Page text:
Holding on tight and not letting go

By Jack Sullivan

Judging from comments House Speaker Robert DeLeo made to The Republican of Springfield, it doesn’t appear there’s any appetite in the Legislature for reining in the autonomy of the state’s probation commissioner.

DeLeo said he does not see the “operational dysfunction” in the Trial Court that was outlined in a 23-page report by the Court Management Advisory Board. The board said the Legislature has insulated the probation service as well as many clerks from oversight by top court officials. Many believe the Legislature, and the House in particular, uses probation as a patronage haven, but DeLeo doesn’t see a problem.

 “What I’ve heard by talking to various clerks, probation officers, and some of the judges even, is that they feel like their particular courts are being well run from the judge’s perspective, from the clerk’s perspective, and from probation’s perspective,” DeLeo told the newspaper. “I’m not so sure I would phrase it as a dysfunctional problem.”

Robert Mulligan, chief justice for administration and management of the Trial Court, is seeking greater oversight over probation, and Gov. Deval Patrick sought in his budget proposal for next year to move the department into the executive branch for efficiency and to eliminate patronage.

Patrick’s proposal was not included in the House budget plan, and Mulligan’s pleas were ignored by House budget officials. Rep. Charles Murphy, the House’s chief budget official, said the Legislature wasn’t about to cede its authority over probation to either the government or court officials.

Meet the Author

Jack Sullivan

Senior Investigative Reporter, CommonWealth

About Jack Sullivan

Jack Sullivan is now retired. A veteran of the Boston newspaper scene for nearly three decades. Prior to joining CommonWealth, he was editorial page editor of The Patriot Ledger in Quincy, a part of the GateHouse Media chain. Prior to that he was news editor at another GateHouse paper, The Enterprise of Brockton, and also was city edition editor at the Ledger. Jack was an investigative and enterprise reporter and executive city editor at the Boston Herald and a reporter at The Boston Globe.

He has reported stories such as the federal investigation into the Teamsters, the workings of the Yawkey Trust and sale of the Red Sox, organized crime, the church sex abuse scandal and the September 11 terrorist attacks. He has covered the State House, state and local politics, K-16 education, courts, crime, and general assignment.

Jack received the New England Press Association award for investigative reporting for a series on unused properties owned by the Catholic Archdiocese of Boston, and shared the association's award for business for his reporting on the sale of the Boston Red Sox. As the Ledger editorial page editor, he won second place in 2007 for editorial writing from the Inland Press Association, the nation's oldest national journalism association of nearly 900 newspapers as members.

At CommonWealth, Jack and editor Bruce Mohl won first place for In-Depth Reporting from the Association of Capitol Reporters and Editors for a look at special education funding in Massachusetts. The same organization also awarded first place to a unique collaboration between WFXT-TV (FOX25) and CommonWealth for a series of stories on the Boston Redevelopment Authority and city employees getting affordable housing units, written by Jack and Bruce.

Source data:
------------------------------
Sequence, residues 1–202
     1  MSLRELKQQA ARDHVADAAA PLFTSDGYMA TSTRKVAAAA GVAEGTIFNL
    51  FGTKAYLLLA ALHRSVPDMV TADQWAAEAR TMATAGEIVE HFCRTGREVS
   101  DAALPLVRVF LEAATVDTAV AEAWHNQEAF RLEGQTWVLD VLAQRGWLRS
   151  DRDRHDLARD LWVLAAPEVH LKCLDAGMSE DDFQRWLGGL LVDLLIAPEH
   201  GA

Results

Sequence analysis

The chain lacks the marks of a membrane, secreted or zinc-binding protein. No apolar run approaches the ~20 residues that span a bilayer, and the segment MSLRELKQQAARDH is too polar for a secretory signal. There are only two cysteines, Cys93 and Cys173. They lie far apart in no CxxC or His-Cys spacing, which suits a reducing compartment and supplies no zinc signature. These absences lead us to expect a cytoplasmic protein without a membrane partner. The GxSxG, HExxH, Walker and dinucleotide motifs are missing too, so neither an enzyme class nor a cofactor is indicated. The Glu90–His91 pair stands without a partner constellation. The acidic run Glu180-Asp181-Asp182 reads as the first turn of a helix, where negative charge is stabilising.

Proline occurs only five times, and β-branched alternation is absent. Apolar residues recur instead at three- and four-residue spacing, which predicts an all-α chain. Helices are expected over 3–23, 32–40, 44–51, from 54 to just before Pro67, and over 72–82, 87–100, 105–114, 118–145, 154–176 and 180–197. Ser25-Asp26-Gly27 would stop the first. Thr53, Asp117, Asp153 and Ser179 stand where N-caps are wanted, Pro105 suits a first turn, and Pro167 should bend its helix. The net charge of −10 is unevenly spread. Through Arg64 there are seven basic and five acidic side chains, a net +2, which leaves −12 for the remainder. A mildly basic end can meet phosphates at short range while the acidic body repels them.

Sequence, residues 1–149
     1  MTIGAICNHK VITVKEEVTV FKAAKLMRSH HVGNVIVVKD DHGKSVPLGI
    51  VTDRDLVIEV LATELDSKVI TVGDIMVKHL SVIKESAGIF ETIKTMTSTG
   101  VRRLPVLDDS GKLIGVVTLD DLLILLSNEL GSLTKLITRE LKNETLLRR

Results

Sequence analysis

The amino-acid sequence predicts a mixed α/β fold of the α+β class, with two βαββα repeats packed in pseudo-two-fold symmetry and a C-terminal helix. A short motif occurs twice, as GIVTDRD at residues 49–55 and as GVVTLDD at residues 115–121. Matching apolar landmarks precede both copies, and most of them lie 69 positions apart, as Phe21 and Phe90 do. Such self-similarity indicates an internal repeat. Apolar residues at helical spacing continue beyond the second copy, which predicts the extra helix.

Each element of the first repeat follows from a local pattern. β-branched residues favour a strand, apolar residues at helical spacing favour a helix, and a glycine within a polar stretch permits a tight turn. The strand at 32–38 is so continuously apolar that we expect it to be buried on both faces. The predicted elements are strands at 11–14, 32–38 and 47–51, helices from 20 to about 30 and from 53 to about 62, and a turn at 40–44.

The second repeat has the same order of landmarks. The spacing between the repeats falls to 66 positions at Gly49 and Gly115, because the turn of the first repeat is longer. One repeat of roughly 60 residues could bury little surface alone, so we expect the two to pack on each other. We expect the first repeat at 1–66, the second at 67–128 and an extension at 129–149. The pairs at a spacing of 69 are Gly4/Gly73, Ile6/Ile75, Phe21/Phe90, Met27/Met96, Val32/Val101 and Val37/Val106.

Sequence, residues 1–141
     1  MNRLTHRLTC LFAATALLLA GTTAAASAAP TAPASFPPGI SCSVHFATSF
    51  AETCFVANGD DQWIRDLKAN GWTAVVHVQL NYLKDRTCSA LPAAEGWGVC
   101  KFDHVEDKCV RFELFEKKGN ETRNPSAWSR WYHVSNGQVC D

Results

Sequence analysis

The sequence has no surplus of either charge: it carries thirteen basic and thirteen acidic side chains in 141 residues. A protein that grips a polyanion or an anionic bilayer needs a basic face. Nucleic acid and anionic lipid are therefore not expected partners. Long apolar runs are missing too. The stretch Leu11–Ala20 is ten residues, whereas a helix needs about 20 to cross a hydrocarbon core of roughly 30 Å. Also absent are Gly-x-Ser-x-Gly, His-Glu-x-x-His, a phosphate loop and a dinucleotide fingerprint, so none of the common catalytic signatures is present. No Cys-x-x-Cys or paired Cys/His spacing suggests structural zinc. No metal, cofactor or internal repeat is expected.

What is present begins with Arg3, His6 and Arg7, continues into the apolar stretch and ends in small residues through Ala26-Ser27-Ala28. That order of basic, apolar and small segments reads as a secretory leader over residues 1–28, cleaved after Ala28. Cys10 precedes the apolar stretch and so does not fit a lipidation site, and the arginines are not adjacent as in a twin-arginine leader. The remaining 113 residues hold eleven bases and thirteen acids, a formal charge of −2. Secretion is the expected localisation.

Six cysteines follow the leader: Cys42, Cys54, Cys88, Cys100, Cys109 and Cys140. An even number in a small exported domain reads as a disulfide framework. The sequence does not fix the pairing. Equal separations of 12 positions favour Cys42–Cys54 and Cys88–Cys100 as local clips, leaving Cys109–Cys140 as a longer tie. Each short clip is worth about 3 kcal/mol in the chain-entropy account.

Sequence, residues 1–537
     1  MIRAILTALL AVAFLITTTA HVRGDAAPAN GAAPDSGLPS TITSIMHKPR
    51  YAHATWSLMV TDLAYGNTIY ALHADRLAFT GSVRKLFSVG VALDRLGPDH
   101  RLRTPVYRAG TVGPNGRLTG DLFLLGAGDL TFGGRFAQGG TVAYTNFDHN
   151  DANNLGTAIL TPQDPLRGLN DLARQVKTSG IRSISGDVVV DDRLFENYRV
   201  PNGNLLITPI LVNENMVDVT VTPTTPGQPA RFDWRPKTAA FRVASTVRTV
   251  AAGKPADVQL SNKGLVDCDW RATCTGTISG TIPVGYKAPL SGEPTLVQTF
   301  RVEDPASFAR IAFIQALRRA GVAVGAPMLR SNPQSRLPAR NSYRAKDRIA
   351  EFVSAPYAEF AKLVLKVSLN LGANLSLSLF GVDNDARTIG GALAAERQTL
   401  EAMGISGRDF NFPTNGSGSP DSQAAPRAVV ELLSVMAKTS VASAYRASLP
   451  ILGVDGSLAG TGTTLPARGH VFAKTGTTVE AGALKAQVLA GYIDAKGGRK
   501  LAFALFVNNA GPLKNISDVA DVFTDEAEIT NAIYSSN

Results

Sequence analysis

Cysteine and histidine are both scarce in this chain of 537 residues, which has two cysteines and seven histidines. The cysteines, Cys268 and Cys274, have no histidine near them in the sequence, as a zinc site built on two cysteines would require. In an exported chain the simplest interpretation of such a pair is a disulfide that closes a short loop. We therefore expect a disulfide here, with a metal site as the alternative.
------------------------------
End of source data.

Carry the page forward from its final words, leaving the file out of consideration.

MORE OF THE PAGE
About Jack Sullivan

Jack Sullivan is now retired. A veteran of the Boston newspaper scene for nearly three decades. Prior to joining CommonWealth, he was editorial page editor of The Patriot Ledger in Quincy, a part of the GateHouse Media chain. Prior to that he was news editor at another GateHouse paper, The Enterprise of Brockton, and also was city edition editor at the Ledger. Jack was an investigative and enterprise reporter and executive city editor at the Boston Herald and a reporter at The Boston Globe.

He has reported stories such as the federal investigation into the Teamsters, the workings of the Yawkey Trust and sale of the Red Sox, organized crime, the church sex abuse scandal and the September 11 terrorist attacks. He has covered the State House, state and local politics, K-16 education, courts, crime, and general assignment.

Jack received the New England Press Association award for investigative reporting for a series on unused properties owned by the Catholic Archdiocese of Boston, and shared the association's award for business for his reporting on the sale of the Boston Red Sox. As the Ledger editorial page editor, he won second place in 2007 for editorial writing from the Inland Press Association, the nation's oldest national journalism association of nearly 900 newspapers as members.

At CommonWealth, Jack and editor Bruce Mohl won first place for In-Depth Reporting from the Association of Capitol Reporters and Editors for a look at special education funding in Massachusetts. The same organization also awarded first place to a unique collaboration between WFXT-TV (FOX25) and CommonWealth for a series of stories on the Boston Redevelopment Authority and city employees getting affordable housing units, written by Jack and Bruce.

Patrick seemed to step up his criticism of probation in remarks to the Republican. “I will say I think it is the least transparent agency in government and, in some respects, the least accountable,” Patrick said.

Commissioner of Probation John J. O’Brien, who only responds to inquiries by email, disputed the findings in the Court Management Advisory Board’s report and insisted he is but one cog in the hiring process at the agency he oversees. But Rep. Stanley Rosenberg told The Republican that probation may be the last vestige of old-style patronage, outside of quasi-public agencies.